Severe infectious colitis in non-immunocompromised patients: confusion with Crohn’s disease

Authors Erminia Matrella, Maria Tzardi, C. Leontidis, E.A. Kouroumalis.


Objective: Despite a significant progress in diagnostic facilities
infectious colitis may present considerable diagnostic
problems. The aim of the present prospective study was
to establish criteria for clinical and endoscopic diagnosis
and delineate problems of differential diagnosis. Design:
57 cases of severe infectious colitis admitted to a referral
Gastroenterology Department over the last 3 years were
prospectively studied with stool cultures, total colonoscopy
and histological examination. Results: Salmonella species
were isolated from stools of 77% of patients. A peak
during spring time was identified. 22% of patients presented
with severe diarrhoea of more than 10 days duration
while leucocytosis was present in only 39% of cases. Reactive
arthritis was not found in our patients. These clinical
presentation caused considerable confusion and resulted
in inappropriate antibiotic administration in the majority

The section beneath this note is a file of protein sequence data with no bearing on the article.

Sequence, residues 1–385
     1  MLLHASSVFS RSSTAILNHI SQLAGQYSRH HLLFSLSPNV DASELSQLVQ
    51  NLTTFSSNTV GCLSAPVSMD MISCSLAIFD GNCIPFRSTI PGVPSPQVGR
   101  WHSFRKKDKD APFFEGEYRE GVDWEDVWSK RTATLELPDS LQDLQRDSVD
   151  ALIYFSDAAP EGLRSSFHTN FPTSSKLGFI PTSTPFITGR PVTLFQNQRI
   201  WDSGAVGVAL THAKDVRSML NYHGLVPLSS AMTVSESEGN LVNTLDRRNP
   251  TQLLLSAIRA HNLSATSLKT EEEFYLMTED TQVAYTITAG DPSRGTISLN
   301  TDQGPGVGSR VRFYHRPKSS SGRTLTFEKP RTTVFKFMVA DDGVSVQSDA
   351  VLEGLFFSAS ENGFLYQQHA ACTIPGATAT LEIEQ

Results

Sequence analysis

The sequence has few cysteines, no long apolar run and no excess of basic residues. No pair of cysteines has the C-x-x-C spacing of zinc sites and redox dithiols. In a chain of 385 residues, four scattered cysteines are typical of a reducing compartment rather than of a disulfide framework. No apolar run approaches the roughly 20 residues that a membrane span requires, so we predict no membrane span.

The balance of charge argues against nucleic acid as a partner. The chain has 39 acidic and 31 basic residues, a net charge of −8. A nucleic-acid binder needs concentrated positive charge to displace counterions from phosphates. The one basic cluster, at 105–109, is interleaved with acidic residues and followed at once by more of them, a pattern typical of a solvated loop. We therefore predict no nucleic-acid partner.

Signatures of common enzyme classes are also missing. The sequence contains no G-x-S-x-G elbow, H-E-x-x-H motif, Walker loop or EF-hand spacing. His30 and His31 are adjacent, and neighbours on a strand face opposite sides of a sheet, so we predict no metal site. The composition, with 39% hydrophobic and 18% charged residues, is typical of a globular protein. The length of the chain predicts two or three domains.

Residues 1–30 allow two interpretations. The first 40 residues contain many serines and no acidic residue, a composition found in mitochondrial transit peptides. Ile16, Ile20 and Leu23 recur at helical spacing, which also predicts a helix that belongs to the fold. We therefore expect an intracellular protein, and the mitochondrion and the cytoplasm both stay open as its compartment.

of patients. Histology was not useful with many false negative
and positive results, in as many as 30% of cases. Skip
lesions and typical apthous ulcers reminiscent of Crohns
disease were found in many cases at colonoscopy, indicating
a consideration of both diseases when such findings
are established. Severe lesions of the left colon, contrasting
with a mild endoscopic picture of the right colon is,
according to our experience, a very useful diagnostic endoscopic
finding. Conclusions: A typical clinical presentation
with endoscopic and histological confusion with Crohns
disease is a common finding in severe infectious colitis. Severe endoscopic lesions of the left colon and mild lesions
of the right colon is a valuable aid in diagnosis.
Keywords: Infectious diarrhoea, endoscopy, salmonellosis